Have you ever wondered what the world looks like to a small child? Take a moment and picture it … you are walking around giants two to three feet taller than you… who are constantly telling you what to do… and better yet, you depend on them for your every need. Kind of intimidating right?
Now I am a slightly tall female at 5’7, when I think about what it would be like for me to have a conversation with someone 8 feet tall, it kind of scares me. I think I would just comply with what they want out of fear. And after a while, speaking to them would hurt my neck.
Looking up to people is not a choice for toddlers. They have to look up to everyone.
But what if we humbled ourselves, bent down, and met them eye to eye. The message it sends is that I am going to stay here a while, just to be here with you in this moment.
In all the busyness of our chaotic, over scheduled lives, I find that our children sometimes miss out on our full attention. It is something I am guilty of and am working on with my own children. Sometimes, I wait until there is a fight to engage with them. Or, on other occasions I made excuses for why I couldn’t attend to their need in the moment.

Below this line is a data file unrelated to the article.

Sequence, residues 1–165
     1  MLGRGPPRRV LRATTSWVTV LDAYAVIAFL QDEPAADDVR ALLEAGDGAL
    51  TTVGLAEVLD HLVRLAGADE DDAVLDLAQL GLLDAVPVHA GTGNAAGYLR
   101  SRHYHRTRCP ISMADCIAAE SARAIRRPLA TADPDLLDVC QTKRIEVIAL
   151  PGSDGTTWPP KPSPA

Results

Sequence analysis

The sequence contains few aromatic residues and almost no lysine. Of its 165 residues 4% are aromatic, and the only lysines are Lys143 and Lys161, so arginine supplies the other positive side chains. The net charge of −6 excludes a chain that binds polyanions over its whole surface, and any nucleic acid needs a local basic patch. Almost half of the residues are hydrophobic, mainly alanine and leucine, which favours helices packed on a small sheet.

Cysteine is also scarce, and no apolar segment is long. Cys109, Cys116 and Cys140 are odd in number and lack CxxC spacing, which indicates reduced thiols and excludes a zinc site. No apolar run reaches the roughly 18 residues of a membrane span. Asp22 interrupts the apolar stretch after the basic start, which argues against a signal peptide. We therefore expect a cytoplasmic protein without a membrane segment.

Maybe you can relate? I am tired of feeling guilty about my disengagement, but also overwhelmed by everything on my plate.
I think it is time that we let go of the guilt of not having enough: time, energy, fill in the blank for our kids. We need to just get down on our knees, look them in the eyes and make them feel like they are our world. It’s that simple.
It’s not about the quantity of time that you spend with you kids; It’s about being really present in the free moments that you do have.
A few minutes of meaningful face to face contact may be enough to fill their cups for a few hours. Think about, when someone takes a moment to look you into your eyes, compliment you, and give you their undivided attention; it feels amazing, right? And what they said or did sticks with you the rest of day. It can work the same way for our kids. It’s not complicated. Just let them know that you see them.
And if you have the time, check out this fascinating article about how Inuit families teach young children to regulate their feelings. Pretty cool stuff.